The MP wanted had asked for consent to initate contempt proceedings against Home Secretary Ajay Bhalla, former home secretary Rajiv Gauba and the directors of the NSO Group.

MP ThirumavalavanFile Photo/PTI
news Court Saturday, October 09, 2021 - 18:18

Attorney General KK Venugopal has refused to grant consent to Tamil Nadu MP Thol Thirumavalavan to initiate contempt proceedings against Union Home Secretary Ajay Bhalla, former home secretary Rajiv Gauba and the directors of the Israeli NSO Group in the Pegasus surveillance matter. The A-G said that the matter is sub-judice before the Supreme Court, so consent cannot be granted. 

MP and VCK (Viduthalai Chiruthaigal Katchi) chief Thirumavalavan had written to the A-G in August, seeking consent to initiate proceedings for criminal contempt against the listed persons under Section 15 of the Contempt of Courts Act, 1971. The MP had written in his letter that he had named the home secretary as he is the appropriate authority in India in the matter of deploying surveillance on citizens. 

In his letter, Thirumavalan had written that the Union government’s response to questions on whether it had used the Pegasus spyware to spy on its citizens had been “equivocal and vague”. According to The Wire, the MP also mentioned that it was “reasonably apparent” the individuals named in the plea “were involved in an effort of military grade surveillance against a Supreme Court justice, while he still was in office, two Supreme Court registry officials on the judicial side of the writ section, and another Supreme Court staffer,” using the NSO’s Pegasus spyware.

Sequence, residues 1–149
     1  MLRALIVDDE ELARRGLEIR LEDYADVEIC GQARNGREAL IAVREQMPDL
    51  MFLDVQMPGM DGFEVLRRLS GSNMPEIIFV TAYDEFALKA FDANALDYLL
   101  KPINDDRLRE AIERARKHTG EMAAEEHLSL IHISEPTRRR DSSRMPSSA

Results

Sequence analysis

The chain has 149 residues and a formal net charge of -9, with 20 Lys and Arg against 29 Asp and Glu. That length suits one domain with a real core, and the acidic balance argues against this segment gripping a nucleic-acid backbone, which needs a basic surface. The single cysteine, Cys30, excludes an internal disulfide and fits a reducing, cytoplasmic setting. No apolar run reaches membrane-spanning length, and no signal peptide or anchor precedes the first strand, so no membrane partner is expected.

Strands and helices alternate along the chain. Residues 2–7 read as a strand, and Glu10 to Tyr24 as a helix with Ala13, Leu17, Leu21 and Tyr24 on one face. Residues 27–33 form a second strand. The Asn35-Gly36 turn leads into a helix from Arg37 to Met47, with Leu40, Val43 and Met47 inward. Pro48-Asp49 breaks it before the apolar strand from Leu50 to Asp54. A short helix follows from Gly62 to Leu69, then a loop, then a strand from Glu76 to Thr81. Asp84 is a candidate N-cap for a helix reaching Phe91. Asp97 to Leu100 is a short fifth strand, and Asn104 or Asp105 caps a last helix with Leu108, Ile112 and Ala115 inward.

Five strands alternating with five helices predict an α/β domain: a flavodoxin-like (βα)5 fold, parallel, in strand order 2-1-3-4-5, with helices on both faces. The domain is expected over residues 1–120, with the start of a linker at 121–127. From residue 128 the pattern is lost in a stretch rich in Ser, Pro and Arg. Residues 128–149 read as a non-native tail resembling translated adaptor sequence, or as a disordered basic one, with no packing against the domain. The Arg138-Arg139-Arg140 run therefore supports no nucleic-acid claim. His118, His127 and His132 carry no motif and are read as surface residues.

In a letter responding to the MP, Attorney General KK Venugopal wrote, “The question of whether the Government of India has used the Pegasus software and if so against whom is a matter which is being debated and is currently sub-judice before the Supreme Court of India. In the absence of such determination having been made, it would be inappropriate for me to grant consent for the initiation of proceedings for criminal contempt under Section 15 of the Contempt of Courts Act, 1971.”

Last month, the Supreme Court had declared that it would set up its own technical expert committee to inquire into the Pegasus issue while hearing pleas seeking an independent probe into the matter. Prior to that, the Union government had also said that it would set an expert panel on its own to look into the allegations of the alleged surveillance of several Indian citizens including politicians and journalists. The Union government told the Supreme Court that it did not wish to file a detailed affidavit, with Solicitor General Tushar Mehta claiming that the issue of whether a particular software is used or not by the government is not a matter for public discussion, and making this a part of an affidavit will not be in national interest.

Read: Governments, politicians in India hide behind ‘sub judice’ to sidestep questions

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